Drones have also joined to provide medical supply transportation services for Luohu hospital in Shenzhen, with more than 3 thousand flights and over 1 million samples transported.
In addition, drones are used in food delivery. For example, Meituan drones have completed more than 140,000 flights in Shenzhen. It has covered over 10 communities and business districts and served nearly 20,000 people. SF’s drones have fulfilled over 600,000 flights to serve about 1 million orders and cargo weight of nearly 1,300 tons.
However, its operations are not always straightforward.
According to Guangdong Public Network Security, the widespread use of drones is associated with security risks.
It is reported that since the opening of the People’s Heroes Monument located on the Suzhou River in Shanghai, many drones have been flying around the building day and night to take pictures. The drones flying together inevitably collide with each other.
More dangerously, drones can have an adverse impact on aviation operations. According to High-tech Robotics Network, in January 2017, a citizen Yuan Mou used a DJI drone to capture the sunset at an altitude of 450 meters for about 10 minutes, about 8.5 miles from the airport in Xinjie Town, Xiaoshan District. During the filming and photo-taking process, several airplanes were flying by. This would go unnoticed until a passenger captured footage of the drone following an aircraft and then uploaded it to social media. With a distance of about 100 meters, this situation could bring about many concerns, such as bombing or collision.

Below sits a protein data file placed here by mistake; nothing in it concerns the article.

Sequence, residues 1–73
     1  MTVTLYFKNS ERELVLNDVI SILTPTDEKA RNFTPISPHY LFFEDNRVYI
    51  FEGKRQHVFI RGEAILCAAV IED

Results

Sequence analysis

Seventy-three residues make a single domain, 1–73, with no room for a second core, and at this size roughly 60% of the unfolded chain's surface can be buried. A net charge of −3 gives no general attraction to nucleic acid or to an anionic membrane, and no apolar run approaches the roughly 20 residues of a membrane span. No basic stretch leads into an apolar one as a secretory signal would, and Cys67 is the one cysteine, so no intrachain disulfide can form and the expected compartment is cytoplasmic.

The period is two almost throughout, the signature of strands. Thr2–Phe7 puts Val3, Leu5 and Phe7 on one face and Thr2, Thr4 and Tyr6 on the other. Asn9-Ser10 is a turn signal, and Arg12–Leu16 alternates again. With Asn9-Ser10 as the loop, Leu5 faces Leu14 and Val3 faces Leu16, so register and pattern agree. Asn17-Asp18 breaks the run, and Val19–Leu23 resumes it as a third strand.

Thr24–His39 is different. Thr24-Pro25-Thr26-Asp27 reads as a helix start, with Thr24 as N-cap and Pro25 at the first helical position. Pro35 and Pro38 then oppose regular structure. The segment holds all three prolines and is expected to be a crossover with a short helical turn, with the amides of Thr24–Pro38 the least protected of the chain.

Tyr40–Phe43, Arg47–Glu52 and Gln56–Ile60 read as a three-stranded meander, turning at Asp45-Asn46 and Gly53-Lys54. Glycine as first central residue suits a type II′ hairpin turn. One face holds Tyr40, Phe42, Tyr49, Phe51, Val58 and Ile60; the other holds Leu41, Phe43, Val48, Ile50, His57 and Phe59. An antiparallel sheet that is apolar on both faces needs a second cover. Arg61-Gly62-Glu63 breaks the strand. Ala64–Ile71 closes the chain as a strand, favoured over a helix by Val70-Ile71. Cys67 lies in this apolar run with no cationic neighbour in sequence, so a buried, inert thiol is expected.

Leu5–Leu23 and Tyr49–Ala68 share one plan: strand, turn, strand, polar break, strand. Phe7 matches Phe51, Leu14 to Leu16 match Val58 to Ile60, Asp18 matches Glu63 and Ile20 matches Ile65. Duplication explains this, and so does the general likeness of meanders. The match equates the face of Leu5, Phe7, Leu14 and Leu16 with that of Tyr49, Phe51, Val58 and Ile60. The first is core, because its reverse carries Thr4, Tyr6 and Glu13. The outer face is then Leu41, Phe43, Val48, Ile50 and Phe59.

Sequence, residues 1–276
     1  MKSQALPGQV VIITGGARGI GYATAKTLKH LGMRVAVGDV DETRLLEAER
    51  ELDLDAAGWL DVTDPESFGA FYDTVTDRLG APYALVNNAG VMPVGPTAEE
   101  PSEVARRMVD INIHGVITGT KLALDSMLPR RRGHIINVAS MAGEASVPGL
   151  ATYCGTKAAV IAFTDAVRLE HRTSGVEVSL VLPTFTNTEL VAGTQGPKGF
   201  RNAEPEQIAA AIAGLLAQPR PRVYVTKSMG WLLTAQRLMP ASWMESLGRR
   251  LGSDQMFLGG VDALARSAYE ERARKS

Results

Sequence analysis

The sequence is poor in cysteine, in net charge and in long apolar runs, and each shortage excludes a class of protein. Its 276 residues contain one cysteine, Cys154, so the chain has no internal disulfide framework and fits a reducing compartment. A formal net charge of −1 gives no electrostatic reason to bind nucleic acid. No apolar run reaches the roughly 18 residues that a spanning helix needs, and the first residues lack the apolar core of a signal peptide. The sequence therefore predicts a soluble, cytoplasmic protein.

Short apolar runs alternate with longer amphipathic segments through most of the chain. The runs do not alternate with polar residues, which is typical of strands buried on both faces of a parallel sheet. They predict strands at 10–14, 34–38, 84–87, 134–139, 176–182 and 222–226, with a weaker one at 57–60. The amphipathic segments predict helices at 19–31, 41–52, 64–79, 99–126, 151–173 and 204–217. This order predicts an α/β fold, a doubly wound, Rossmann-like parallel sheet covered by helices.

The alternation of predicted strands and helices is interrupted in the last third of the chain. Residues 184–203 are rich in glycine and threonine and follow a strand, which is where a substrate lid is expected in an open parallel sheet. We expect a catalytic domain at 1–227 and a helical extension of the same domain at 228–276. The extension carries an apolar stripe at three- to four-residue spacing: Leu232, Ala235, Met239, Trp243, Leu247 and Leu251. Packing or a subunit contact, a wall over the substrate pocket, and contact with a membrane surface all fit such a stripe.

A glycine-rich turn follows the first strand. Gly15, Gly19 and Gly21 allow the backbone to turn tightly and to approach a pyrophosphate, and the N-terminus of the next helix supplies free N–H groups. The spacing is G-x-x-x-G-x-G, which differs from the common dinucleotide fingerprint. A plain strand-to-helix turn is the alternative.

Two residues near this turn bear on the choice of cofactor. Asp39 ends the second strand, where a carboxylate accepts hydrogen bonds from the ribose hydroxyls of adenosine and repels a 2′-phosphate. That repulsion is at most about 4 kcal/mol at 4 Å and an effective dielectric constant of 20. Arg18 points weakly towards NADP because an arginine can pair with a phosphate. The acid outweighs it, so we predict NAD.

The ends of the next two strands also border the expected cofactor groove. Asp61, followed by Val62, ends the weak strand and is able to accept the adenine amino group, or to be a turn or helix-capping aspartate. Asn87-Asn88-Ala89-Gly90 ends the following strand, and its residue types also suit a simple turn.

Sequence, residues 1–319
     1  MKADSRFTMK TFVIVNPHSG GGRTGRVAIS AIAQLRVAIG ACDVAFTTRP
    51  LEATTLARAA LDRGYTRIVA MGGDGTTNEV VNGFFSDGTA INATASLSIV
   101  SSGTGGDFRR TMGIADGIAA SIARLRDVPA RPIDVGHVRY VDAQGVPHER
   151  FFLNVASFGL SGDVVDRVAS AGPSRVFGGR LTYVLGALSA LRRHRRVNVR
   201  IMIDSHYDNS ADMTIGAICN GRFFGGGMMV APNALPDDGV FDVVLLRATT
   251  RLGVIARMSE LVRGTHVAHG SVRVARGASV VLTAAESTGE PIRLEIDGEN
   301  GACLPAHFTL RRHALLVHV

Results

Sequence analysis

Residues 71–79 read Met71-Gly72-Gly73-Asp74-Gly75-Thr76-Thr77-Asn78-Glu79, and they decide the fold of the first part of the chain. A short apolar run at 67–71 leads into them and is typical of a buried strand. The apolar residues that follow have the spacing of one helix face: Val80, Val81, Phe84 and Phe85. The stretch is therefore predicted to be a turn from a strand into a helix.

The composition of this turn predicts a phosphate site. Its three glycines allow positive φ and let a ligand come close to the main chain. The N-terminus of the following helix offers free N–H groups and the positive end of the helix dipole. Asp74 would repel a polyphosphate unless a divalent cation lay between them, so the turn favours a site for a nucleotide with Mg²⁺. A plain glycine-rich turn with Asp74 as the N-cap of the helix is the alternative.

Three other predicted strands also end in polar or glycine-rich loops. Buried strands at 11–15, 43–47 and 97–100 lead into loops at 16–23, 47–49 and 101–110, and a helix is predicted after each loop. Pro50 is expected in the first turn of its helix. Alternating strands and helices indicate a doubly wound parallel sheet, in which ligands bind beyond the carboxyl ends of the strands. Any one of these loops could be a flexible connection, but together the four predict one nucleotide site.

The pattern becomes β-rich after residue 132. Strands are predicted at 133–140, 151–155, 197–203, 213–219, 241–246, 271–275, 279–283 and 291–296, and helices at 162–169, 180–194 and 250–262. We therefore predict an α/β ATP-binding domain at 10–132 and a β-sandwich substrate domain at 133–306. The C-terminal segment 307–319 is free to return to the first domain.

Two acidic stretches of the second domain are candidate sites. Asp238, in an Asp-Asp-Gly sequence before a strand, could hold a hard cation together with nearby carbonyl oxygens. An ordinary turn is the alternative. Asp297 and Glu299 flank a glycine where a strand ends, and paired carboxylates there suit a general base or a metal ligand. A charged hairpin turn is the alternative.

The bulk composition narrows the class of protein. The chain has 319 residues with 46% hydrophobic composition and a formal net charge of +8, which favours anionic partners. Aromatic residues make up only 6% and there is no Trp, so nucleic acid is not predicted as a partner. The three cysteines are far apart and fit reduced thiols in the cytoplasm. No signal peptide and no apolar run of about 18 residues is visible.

Moreover, drones may suddenly hit people, resulting in injuries. For example, at about 2 pm on October 3 this year, a man got hurt while riding an e-bike on the road in Liangcha Town, Lianshui County. The drone’s wind blade was spinning at high speed and then hit the man’s head. Consequently, he fell to the ground, being soaked with blood.
As reported by the Chinese tabloid Global Times, at the end of January 2021, approximately 100 drones lost control and crashed into a building during a show in Chongqing. During the performance, an abundance of drones displayed abnormal operations. Some moved slowly toward a building; some crashed into it, while others dropped from the air to the ground or fell into the river. Several people screamed out as they could not control the machines. Despite the fact that nobody was hurt, the incident made the show designers incur huge economic losses.